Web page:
— Joe Cressy (@joe_cressy) April 5, 2022

Through the pandemic, serving as chair of the board of health, Cressy has overseen the work of Toronto Public Health, and worked alongside the medical officer of health and Toronto Mayor John Tory.

He was also a member of the Toronto COVID-19 strategic command team and immunization task force, which helped lead the city’s response to the pandemic.

Tory thanked Cressy for his work as a councillor and during the pandemic, saying he has been “very, very important” to the city’s COVID-19 response.

“He was one of the leaders and we didn’t let politics or ideology, get in the way of pandemic response,” Tory said. “We followed the public health advice together, we didn’t pick fights with other people, we took the all hands on deck approach and engaged a lot of people up there in the community at the community level, who were trusted (and) who were going to be more trusted than us as politicians.”

Tory said “a lot of that came from the leadership” of Cressy.

Last year, Cressy announced he would not seek re-election.

“In fact, I won’t be running for any election — for mayor, provincially or federally — I’m leaving elected office,” he told Global News in October.

At the time, Cressy said the COVID-19 pandemic had taken an “emotional toll” on him, and that he wanted to spend more time with his family.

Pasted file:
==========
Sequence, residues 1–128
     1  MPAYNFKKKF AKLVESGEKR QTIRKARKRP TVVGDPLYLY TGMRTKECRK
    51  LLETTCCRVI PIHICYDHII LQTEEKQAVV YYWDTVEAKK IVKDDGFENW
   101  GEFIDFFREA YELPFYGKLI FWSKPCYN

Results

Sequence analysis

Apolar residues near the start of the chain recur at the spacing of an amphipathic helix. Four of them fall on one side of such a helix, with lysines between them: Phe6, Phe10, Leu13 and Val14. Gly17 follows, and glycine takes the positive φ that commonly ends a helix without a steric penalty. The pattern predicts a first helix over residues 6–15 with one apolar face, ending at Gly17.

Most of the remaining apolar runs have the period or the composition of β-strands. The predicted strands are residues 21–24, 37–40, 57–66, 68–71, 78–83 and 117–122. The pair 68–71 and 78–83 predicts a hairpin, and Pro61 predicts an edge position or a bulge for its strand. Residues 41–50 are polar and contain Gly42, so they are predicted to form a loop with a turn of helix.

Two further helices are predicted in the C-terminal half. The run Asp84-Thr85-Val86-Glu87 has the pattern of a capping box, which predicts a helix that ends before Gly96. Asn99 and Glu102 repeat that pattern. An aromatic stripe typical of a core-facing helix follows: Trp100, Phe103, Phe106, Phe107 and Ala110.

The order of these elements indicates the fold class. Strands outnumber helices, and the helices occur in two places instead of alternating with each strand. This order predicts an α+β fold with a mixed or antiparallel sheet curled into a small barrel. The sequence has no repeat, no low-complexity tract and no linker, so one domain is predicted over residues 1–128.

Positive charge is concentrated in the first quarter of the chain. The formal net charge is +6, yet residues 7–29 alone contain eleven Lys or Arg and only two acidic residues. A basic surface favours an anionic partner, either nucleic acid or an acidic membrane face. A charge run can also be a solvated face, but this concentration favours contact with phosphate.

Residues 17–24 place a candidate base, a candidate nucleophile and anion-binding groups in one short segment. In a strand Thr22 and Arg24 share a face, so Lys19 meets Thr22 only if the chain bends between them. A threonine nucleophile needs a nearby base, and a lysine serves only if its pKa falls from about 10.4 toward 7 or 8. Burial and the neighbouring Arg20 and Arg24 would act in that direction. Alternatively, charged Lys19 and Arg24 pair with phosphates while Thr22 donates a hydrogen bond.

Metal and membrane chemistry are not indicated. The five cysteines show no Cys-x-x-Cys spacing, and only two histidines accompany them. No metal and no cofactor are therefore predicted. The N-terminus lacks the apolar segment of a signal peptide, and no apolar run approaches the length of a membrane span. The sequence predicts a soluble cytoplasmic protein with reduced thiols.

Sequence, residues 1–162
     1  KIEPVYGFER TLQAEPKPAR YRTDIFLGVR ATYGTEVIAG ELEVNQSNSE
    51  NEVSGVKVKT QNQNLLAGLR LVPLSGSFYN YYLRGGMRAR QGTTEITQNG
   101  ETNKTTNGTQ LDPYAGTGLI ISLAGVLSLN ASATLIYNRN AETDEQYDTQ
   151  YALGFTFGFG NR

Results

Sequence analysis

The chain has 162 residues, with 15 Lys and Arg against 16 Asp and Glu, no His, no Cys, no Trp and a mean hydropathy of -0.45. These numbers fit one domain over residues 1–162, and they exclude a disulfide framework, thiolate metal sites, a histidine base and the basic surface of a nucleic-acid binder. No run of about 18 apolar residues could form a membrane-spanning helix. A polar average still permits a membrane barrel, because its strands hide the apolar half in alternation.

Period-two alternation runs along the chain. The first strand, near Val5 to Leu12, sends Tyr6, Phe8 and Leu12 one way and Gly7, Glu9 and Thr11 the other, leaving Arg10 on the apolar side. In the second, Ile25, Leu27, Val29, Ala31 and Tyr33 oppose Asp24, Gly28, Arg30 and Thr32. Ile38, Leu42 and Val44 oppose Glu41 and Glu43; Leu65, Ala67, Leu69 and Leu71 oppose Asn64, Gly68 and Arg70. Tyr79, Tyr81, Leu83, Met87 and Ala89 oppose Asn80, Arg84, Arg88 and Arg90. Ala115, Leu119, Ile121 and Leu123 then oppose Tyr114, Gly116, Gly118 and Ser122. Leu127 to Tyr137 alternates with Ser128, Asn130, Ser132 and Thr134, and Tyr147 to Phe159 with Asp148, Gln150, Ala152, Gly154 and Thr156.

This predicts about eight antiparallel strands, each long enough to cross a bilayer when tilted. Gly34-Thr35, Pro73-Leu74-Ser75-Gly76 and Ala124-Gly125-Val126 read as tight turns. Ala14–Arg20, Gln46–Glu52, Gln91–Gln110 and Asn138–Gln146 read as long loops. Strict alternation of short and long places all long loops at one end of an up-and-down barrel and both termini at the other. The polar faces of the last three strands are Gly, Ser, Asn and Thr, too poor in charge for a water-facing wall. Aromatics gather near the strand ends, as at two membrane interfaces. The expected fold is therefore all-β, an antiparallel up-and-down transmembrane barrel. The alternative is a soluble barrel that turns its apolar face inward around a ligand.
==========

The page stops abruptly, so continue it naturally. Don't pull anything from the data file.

“There was a time in my life when I did seriously contemplate whether I would run for mayor, but when [my wife and I] decided to start a family, that’s when it all changed,” he said. “And certainly the experience and the grind of the last two years of this pandemic has affirmed that decision for me.”

Speaking to reporters on Tuesday, Cressy thanked the people of Spadina-Fort York, but said that it’s “time for a new chapter.”

“It’s time for a grand adventure,” he said, adding that he “cannot wait” to join George Brown College.

Dr. Gervan Fearon, president of George Brown College, said Cressy will be a “powerful advocate for the unique and critical role the college can play and plays to serve local communities, promote regional economic development and opportunities, as well as to engage strategic partners in the future of the college as well as the City of Toronto.”

Fearon said in his new role, Cressy will focus on “building partnerships” and “supporting the strategic direction for advancing George Brown’s commitment to city building and community development.”

B.C. woman finds long-lost foster mother 30 years later from Facebook post